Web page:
By George Kent
This is often the 1st full-scale biography of Gwendolyn Brooks, one in every of America's significant poets. George E. Kent, an established pal and literary affiliate of the poet in Chicago, was once given particular entry to Brooks' early notebooks, which she stored from the age of 7. Kent additionally interviewed Brooks, her mom, and different relatives in Chicago and somewhere else. He scoured documents and correspondence together with her publishers, editors, and agent. He participated within the poet's literary corporations and in her extensive circle of literary and kin neighbors. The examine unearths intimate acquaintance with the Harlem Renaissance, with the Chicago literary scene and its major figures from the thirties on, with old advancements in black tradition and awareness, and with the numerous figures and actions that inspired the poet's existence and paintings. It locations Brooks' paintings within the context of the civil rights flow, the black arts circulation, and black nationalism. Gwendolyn Brooks gained the Pulitzer Prize for poetry in 1950 for Annie Allen and is this day widely known as one of many nation's prime poets, but her paintings has got lower than its due from mainstream critics. Kent's authoritative e-book has been one step in correcting that overlook.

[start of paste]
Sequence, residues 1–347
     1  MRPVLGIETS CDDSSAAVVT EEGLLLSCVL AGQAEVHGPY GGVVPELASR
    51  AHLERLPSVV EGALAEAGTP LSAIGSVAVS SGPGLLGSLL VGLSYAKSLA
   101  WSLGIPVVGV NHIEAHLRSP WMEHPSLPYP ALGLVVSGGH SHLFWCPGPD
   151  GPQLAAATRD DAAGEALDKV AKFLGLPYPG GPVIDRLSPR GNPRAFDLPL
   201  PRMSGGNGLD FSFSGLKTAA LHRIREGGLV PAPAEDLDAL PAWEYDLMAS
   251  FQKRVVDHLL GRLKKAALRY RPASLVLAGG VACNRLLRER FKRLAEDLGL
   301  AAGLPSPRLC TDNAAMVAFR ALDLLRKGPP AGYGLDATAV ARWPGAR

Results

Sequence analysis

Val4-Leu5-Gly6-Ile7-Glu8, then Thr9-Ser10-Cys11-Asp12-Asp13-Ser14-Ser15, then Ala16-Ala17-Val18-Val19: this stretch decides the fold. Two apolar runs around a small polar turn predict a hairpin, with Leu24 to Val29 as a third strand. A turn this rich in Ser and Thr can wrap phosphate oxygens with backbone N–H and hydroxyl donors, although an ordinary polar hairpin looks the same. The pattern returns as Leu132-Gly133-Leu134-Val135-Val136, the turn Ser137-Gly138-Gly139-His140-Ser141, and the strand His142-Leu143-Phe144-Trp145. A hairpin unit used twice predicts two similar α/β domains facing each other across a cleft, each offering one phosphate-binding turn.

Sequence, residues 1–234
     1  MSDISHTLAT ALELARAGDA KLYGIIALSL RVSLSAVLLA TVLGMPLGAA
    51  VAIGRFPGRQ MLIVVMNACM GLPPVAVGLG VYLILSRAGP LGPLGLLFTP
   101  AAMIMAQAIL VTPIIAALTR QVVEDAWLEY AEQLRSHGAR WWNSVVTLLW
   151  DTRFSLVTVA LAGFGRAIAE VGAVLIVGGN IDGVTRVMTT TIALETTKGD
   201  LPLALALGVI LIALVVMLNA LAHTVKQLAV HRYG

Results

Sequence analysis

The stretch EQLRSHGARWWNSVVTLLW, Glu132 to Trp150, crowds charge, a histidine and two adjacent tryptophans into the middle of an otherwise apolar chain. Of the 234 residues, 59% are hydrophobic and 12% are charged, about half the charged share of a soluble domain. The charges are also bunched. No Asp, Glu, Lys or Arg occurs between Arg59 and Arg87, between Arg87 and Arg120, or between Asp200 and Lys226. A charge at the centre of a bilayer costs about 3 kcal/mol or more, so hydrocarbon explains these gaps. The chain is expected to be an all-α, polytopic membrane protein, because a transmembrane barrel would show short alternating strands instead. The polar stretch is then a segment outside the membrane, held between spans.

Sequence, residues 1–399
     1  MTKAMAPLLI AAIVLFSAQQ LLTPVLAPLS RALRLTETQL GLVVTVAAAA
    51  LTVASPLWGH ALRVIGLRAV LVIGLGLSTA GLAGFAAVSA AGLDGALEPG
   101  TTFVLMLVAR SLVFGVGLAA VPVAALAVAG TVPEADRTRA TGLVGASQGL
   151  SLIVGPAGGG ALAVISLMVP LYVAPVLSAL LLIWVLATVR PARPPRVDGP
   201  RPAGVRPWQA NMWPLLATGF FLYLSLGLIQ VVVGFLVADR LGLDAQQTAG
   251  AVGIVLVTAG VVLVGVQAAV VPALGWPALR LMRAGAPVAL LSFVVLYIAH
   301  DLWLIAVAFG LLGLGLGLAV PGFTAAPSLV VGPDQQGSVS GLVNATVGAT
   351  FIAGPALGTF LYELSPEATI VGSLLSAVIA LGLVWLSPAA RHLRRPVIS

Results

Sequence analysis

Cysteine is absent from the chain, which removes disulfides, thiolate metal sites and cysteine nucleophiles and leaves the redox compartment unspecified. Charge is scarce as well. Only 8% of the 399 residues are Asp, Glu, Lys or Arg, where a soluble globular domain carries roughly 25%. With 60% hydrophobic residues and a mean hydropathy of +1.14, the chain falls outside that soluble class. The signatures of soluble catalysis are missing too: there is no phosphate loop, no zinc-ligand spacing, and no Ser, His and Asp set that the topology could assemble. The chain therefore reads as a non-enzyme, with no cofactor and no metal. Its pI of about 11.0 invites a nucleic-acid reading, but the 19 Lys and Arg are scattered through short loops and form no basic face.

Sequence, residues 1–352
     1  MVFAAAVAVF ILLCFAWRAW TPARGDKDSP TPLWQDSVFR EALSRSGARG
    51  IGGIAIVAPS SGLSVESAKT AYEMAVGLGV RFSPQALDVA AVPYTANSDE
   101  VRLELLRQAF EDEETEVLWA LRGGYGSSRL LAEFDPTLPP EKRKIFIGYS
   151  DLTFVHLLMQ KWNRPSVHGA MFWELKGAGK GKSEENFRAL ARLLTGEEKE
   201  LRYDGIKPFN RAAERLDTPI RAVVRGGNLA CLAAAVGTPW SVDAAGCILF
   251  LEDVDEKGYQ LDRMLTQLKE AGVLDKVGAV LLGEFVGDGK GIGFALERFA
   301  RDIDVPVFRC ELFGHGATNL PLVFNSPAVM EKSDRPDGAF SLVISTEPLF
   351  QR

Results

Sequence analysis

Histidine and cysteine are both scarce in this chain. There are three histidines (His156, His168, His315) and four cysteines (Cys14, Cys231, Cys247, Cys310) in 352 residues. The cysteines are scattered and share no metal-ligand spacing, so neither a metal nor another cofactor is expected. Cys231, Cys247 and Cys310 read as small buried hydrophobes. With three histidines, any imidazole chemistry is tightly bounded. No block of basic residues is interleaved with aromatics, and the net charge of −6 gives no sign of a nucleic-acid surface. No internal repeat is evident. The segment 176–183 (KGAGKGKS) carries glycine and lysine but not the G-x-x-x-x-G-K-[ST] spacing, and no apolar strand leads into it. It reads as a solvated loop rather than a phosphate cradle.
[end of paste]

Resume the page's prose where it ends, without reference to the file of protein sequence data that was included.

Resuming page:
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Extra resources for A Life of Gwendolyn Brooks
She thought well of her dark skin. She was too much aware of feelings of beauty and excited responses to the universe to accept fully the judgments of this other universe, although she would also yearn for its acceptance. There must be some way the world could be made to appreciate her being. Like Marian, the unfulfilled housewife of In the Mecca, she could not feel that she was truly seen. ness fully regis.. tered. But jangling at her side, too, was the uneasy understanding that others felt her inferior-a knowledge that would follow her all through school.
Periodically over the years she would struggle to write of the experience but would not succeed until the publication of In the Mecca in 1968. Despite disappointments, Gwendolyn was on the verge of a transforma'" tion in her social and intellectual life. At the continued urging of her friend Lula Battle, she attended a meeting of the NAACP Youth Council-and joined. At that time, the Youth Council was the most militant organization for black youth except for organizations of the Left. Young black writers and Into the Morrow 43 intellectuals gathered there in a community of aspirers.
We do not know. Perhaps fame. Perhaps obscurity. Perhaps wealth. Perhaps poverty. We do not know. " At first there was some reason for optimism. Since her seventeenth year, Gwendolyn had been publishing poems in the Chicago Defender. She could write a good precise story, and she had "published" a newspaper of her own at the age of 13-The Champlain Weekly News, which was handwritten and sold for 5 cents. 1 The news for this neighborhood paper was often born when neighborhood women told her mother stories regarding "their trou..
A Life of Gwendolyn Brooks by George Kent